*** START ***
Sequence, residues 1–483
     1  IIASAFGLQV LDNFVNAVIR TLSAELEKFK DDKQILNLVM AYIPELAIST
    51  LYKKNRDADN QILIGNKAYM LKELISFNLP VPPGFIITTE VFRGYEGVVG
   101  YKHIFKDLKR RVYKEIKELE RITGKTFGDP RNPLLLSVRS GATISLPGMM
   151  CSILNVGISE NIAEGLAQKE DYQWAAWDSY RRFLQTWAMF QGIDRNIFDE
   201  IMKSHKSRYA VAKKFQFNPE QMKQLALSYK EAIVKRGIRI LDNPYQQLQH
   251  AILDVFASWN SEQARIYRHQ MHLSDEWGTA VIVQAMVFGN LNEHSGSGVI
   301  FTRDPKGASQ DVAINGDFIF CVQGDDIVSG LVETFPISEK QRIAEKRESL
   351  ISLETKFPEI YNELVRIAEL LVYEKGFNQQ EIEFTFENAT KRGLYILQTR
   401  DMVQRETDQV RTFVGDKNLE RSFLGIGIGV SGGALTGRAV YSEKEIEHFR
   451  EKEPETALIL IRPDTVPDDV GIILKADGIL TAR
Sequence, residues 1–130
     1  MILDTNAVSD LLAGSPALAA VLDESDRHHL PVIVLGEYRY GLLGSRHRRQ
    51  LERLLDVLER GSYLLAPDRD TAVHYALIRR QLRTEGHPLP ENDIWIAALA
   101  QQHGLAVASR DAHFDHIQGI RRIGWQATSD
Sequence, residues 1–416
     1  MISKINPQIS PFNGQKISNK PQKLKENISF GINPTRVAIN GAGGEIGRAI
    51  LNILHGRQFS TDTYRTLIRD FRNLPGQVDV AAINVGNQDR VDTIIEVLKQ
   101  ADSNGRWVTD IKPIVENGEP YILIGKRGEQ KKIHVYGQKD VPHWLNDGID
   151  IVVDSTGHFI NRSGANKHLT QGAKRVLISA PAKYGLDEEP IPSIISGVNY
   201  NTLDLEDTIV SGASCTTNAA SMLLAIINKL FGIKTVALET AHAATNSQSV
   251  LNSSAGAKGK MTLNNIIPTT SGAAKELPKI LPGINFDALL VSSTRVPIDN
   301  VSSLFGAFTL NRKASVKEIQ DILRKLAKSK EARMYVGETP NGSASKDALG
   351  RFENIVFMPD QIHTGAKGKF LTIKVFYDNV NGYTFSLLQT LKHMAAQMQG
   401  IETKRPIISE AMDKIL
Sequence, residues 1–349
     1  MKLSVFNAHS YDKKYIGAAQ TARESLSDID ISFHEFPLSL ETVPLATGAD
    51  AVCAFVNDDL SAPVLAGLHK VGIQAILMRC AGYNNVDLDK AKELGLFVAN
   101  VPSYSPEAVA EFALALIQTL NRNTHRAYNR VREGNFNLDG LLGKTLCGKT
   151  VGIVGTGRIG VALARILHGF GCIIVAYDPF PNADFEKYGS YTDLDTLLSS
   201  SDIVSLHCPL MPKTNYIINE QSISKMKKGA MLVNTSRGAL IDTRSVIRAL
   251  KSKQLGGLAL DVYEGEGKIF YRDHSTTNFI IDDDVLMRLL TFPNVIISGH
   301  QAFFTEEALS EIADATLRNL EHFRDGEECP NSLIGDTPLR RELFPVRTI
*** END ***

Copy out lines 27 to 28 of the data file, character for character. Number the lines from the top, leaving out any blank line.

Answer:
     1  MKLSVFNAHS YDKKYIGAAQ TARESLSDID ISFHEFPLSL ETVPLATGAD
    51  AVCAFVNDDL SAPVLAGLHK VGIQAILMRC AGYNNVDLDK AKELGLFVAN